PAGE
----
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Sunday 27 June 2021: Trinity 4, Thirteenth in Ordinary time, Proper 8

The Touching Compassion of Jesus

Wisdom 1:13-15; 2:23-24; 2 Corinthians 8:7-15; Mark 5:21-43

By Terry Tastard

a Catholic priest of the diocese of Westminster, and a tutor in its seminary. Also a Fellow of the Cadbury Centre for the Public Understanding of Religion, Birmingham University

Context: a mixed suburban congregation in London, people of faith who sometimes ask questions as they seek greater understanding.

Aim: to ask how God in Christ brings healing through both divine power and human frailty.

The attitude of Jesus towards women is something we have begun to pay more attention to recently. He lived in what we now call a patriarchal age. Yet he showed respect towards women. He was not condescending. He appreciated women who spoke up. Take for example the woman who has some problem of bleeding, perhaps associated with the change of life. In Jewish law her condition made her ritually impure. She could not enter the Temple, or even mix in the community, lest she accidentally touch a man. This means she could not ask Jesus to lay hands on her to heal her. Instead, she seizes the initiative and touches him in the hope that he will not notice. But he does. And when detected she comes forward frightened and trembling and falls at his feet. You know already how he responded: with affirmation, and a word of encouragement and peace. So often this is the pattern of Jesus’s healing: not only is the physical complaint healed, but the sufferer is offered a new dignity and self-confidence and restored to life in the community.


The story of the healing of Jairus’s daughter shows another aspect of Jesus’s care and compassion. There is a crowd in commotion. Jesus knows that the girl is in a deep coma. When he raises her up, there will be a sensation, a tumult. He does not want to make this girl into a public spectacle. Besides, for someone waking from a coma, loud noise could be terrifying and put them into shock. So, Jesus bundles everybody out of the room, except her parents and his closest associates. Now we hear the very words that he used, in Aramaic, a popular form of spoken Hebrew of his day. ‘Talitha, kum.’ It is enormously moving. The gospels were written in Greek, and we almost never hear the words spoken by Jesus in the original language. Think of another instance where we hear his words in Aramaic: ‘Eloi, eloi, lama sabacthani?’ he groans on the cross, in great pain (Mk 15:34). We feel that something so awesome has happened that the gospel compiler wanted us to hear the actual words spoken.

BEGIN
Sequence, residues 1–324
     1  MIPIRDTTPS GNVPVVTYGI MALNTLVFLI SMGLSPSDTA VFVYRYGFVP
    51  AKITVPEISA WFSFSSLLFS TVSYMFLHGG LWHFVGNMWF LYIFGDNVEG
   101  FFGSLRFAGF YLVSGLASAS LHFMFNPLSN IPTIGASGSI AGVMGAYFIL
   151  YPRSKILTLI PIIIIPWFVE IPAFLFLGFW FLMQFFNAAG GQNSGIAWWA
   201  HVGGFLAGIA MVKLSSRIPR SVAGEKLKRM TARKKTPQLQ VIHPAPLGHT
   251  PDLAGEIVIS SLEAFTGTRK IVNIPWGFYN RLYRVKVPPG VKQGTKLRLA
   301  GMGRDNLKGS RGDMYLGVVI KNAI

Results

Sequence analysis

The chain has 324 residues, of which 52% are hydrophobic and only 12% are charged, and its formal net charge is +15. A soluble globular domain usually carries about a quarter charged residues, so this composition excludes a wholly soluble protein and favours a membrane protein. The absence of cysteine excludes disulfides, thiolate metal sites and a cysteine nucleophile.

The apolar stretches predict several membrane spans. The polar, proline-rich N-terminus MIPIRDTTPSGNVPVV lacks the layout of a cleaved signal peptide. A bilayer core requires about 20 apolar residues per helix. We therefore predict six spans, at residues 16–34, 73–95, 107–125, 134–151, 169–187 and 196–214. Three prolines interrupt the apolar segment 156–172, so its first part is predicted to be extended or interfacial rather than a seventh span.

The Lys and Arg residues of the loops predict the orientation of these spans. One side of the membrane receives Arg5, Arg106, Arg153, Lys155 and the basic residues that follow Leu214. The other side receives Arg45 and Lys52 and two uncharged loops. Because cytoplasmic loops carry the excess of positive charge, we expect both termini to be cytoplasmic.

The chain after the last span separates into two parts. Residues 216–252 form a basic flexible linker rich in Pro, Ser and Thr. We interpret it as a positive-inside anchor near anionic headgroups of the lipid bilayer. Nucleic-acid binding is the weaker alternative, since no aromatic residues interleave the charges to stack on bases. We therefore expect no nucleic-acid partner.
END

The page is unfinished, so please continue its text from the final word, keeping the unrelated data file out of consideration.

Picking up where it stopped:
Serious illness is one of the times when we sometimes find ourselves wondering, ‘Where is God?’ For parents especially a seriously ill child brings a time of great worry and possibly of heartbreak. Sometimes we pray for healing and we witness healing take place. Sometimes we pray for healing and it seems that our prayers have not been answered. But remember these two occasions when we hear the actual words of Jesus.

‘Talitha, kum.’ It is God’s will that there should be life. As our first reading tells us, ‘Death was not God’s doing ... the world’s created things have health in them’ (Wis 1:13-14). We see the truth of this shown in the healing work of Jesus and in the healing work of those inspired by Jesus: rolling back disease, disability, death itself. If we work with God, we will work to restore the original wholeness that was the divine plan.


Yet for some reason we do not understand, there are times when this cannot happen. Death, chaos, disaster can bring great suffering. With Christ on the cross, we cry out, ‘Eloi, eloi, lama sabachthani?’ In moments like these we do not have an explanation from God. Instead, we have the sight of God in Christ identifying with us in the depths of suffering, even perhaps despair. In Paul’s words that we heard today: ‘The Lord Jesus was rich, but he became poor for your sake, to make you rich out of his poverty’ (2 Cor 8:9). The Son of God entered the pain and poverty of our world, so that nothing could come between us and God. In this way, too, God heals, because we know that we are not alone in suffering. God in Christ walked this path before us and knows how it feels. In keeping with classic spirituality, we bury our wounds in the wounds of the cross.

There is always love to be offered. There are always people to be helped. There is always faith to be encouraged, broken hearts to be healed. Life must get through, and love sustains life, until at the very end, we are taken into the life of God.

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